It is the best of times and the worst of times for struggling Swedish automaker Saab. Ongoing financial problems have led to a supplier boycott of Saab’s headquarters plant in Trollhattan – a major disappointment considering the maker is in the midst of launching the broadest product offensive in its six-decade history.
But production continues at General Motors’ plant in Mexico where one of Saab’s key new offerings, the 9-4X, is assembled.
The last major project developed under GM’s ownership, Saab’s first proper crossover vehicle replaces the unlamented 9-7X SUV, which was itself a weak clone of a large Chevrolet 4x4. True, the 9-4X also shares its basic underpinnings, but in this case with the latest-generation Cadillac SRX, not a bad starting point.
An attractive basic exterior design features Saab’s familar rounded front-end and angular grille, as well as a sloping, swept-back roofline that mirrors that of the maker’s 9-5. The interior is equally true to Saab’s roots, down to the green-on-black gauges in the five-passenger interior.
There’s even a starter button located where you’d expect it in a Saab, between the front seats. The two front buckets, incidentally, are technically shared with the Caddy crossover, but you’d have to rip them apart to discern it. The shared frame is fitted with unique foam and bolsters, and Saab’s trademark active headrests.
During typical use, the 9-4X’s cabin is incredibly quiet, but there are two points worth quibbling about. Almost identical to that of the 9-5, the instrument panel of the new crossover is functional to the point of looking plain and dull. We also found the 9-4X’s driving position trying; it was difficult to get comfortable irrespective of where we positioned the adjustable steering column.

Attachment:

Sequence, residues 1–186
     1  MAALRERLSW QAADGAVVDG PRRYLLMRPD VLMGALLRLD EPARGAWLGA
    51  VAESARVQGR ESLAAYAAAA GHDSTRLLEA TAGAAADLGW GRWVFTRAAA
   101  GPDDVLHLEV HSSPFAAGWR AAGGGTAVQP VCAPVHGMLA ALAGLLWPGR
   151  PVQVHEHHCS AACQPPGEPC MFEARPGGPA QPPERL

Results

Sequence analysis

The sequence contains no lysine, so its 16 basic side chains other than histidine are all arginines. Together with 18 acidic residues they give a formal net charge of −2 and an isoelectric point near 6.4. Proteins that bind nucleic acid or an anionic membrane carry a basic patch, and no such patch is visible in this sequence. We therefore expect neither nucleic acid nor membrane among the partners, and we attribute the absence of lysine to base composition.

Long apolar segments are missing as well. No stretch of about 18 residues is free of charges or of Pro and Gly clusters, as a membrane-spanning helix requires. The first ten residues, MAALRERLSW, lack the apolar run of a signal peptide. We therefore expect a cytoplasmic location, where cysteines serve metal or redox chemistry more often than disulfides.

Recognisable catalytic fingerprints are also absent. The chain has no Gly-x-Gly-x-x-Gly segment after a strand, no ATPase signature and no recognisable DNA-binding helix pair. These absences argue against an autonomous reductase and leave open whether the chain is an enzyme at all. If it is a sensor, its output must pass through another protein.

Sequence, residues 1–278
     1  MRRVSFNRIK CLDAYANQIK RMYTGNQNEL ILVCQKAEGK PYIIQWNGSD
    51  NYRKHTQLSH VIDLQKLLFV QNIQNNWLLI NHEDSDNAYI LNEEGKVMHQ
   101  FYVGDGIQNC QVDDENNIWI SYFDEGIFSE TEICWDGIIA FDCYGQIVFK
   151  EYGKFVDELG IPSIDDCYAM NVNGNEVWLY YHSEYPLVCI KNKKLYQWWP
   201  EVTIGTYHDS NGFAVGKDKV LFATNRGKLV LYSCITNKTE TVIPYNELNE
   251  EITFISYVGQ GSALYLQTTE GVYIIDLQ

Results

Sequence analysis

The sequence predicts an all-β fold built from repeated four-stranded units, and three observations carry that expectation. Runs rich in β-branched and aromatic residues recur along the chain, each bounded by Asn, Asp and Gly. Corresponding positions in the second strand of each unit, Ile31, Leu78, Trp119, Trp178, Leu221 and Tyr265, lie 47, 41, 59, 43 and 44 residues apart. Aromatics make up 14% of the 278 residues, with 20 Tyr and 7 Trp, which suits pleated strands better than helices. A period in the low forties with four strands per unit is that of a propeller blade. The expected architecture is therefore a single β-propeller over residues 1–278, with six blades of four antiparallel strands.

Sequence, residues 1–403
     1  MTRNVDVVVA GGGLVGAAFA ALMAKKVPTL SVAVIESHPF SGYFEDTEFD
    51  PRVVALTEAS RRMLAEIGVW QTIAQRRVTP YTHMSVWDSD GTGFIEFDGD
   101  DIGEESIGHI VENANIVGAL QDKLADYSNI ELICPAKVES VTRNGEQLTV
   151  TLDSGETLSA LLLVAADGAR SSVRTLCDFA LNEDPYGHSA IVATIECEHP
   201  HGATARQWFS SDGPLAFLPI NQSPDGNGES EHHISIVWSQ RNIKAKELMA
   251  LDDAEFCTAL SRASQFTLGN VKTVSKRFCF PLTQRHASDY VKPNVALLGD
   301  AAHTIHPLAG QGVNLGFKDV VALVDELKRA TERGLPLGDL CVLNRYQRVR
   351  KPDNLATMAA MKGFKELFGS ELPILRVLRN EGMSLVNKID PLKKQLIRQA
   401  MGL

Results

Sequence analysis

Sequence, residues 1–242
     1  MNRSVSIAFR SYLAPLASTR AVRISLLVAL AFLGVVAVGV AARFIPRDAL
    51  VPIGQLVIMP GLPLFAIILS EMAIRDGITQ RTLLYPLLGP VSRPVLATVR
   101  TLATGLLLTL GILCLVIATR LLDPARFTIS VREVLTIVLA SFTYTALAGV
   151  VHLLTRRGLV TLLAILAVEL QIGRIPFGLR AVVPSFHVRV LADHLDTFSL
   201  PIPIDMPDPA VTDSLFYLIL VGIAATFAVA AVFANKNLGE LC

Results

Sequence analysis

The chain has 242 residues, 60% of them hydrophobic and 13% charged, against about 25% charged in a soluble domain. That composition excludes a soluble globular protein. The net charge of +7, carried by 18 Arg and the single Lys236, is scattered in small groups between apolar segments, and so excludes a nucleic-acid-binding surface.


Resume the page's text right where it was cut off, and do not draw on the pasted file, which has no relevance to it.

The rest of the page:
Saab’s 9-4X range will open up in North America with an entry-level normally aspirated 3.0-litre V6 petrol engine that produces 262bhp and 223lb ft of torque. Higher up in the range is the turbocharged 2.8-litre V6 Aero version, which we drove – and which will be the only version of the car offered in Europe. As things stand, there will be no turbodiesel version.
The Aero’s twin-scroll turbocharger responds without lag or torque steer. At peak, the Aero makes 296bhp and 295lb ft, channeled through Saab’s Cross-Wheel-Drive, or XWD, system. That torque-vectoring system not only shifts power front to rear, but juggles it between the 9-4X’s left and right rear wheels, to help guide you through corners.
A programmable drive system called DriveSense controls a number of adaptive chassis systems in the 9-4X, from suspension damping to steering feel, allowing the driver to tailor its on-road behaviour. An auto-adaptive version will be added for 2012.
While neither as nimble nor as quick as the latest-generation BMW X3, the new Saab 9-4X is more sporty and – to our eyes – more appealing than the Cadillac SRX with which it shares a factory. Its dynamic act is certainly polished enough to bear comparison with flagship petrol version of the Lexus RX and Infiniti EX.
Saab has a variety of problems to deal with, but on this evidence it’s got the new 9-4X largely right. If the Swedes survive what’s proving to be a troubling period in its history to actually launch the 9-4X in Europe later this year, it should provide a worthy alternative for those who can live without a default-choice diesel engine, and who don’t want just another ‘me-too’ crossover. It won’t save the company, but the 9-4X is a commendable enough car all the same.